On the ‘Continuous, Open, and Notorious Use’ of the Commons
by Devon G. Peña
Between 2002 and 2003, in a remarkable and much discussed series of three decisions, the Colorado Supreme Court restored the historic use rights of the plaintiffs in the Lobato v. Taylor land rights case. The legendary case involves plaintiffs’ use rights on 80,000 acres of common lands in the Sangre de Cristo Land Grant (merced). This is an alterNative paradigm unfolding right before our eyes…
The grant encompasses a total of 1 million acres and most of the 1843 merced was enclosed by private owners including the portion at stake in the Rael-Lobato trilogy; on the New Mexico side of the grant, some of the land ended up in the public domain as part of the Kit Carson National Forest (including portions of the Valle Vidal) but local heirs successfully re-acquired title to more than 30,000 acres as part of what is today known as the Rio Costilla Cooperative Livestock Association (RCCLA) lands.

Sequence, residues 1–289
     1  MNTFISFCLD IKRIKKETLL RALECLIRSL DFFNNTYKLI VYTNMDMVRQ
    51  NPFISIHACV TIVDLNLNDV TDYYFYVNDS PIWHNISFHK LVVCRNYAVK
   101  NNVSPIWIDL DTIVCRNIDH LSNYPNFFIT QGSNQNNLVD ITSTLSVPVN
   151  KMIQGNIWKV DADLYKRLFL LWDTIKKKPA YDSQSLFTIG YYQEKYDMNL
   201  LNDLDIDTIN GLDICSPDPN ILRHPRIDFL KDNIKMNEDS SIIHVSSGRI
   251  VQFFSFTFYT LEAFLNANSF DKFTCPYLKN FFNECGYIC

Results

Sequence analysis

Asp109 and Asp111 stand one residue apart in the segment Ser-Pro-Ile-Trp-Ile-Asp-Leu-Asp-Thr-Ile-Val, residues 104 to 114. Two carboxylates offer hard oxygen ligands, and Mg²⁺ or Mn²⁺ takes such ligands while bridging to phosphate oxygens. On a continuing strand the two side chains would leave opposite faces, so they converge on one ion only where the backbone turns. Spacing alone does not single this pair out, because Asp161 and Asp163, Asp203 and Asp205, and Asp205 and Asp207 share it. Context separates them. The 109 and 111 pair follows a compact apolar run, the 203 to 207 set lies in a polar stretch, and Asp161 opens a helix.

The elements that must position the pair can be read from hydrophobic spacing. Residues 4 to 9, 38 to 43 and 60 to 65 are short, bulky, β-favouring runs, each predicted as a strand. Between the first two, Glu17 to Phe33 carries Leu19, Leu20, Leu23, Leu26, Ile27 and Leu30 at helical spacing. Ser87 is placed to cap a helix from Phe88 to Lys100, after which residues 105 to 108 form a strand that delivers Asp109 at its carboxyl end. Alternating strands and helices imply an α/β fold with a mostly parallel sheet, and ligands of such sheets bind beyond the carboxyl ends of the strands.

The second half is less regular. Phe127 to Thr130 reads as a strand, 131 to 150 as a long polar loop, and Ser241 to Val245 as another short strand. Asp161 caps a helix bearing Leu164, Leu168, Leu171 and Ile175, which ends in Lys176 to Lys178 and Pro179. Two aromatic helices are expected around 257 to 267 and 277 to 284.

The land in this case involves 80,000 acres of La Sierra that were enclosed in 1960 by Jack Taylor, a direct descendant of President Zachary Taylor. As the Colorado Supreme Court and lower courts deliberated the case in the mid to late 1990s and early 2000s, ownership of the land underwent quite a series of turnovers: In 1997, the Taylor family rejected an offer from the State of Colorado and local community (through La Sierra Foundation) to purchase the land. Instead, Zachary Taylor, Jr. sold La Sierra to Lou Pai, the infamous CEO of Enron Energy Services. After the collapse of Enron, in 2002, Pai sold the land to the current title holders, Bobby and Dottie Hill and their partners.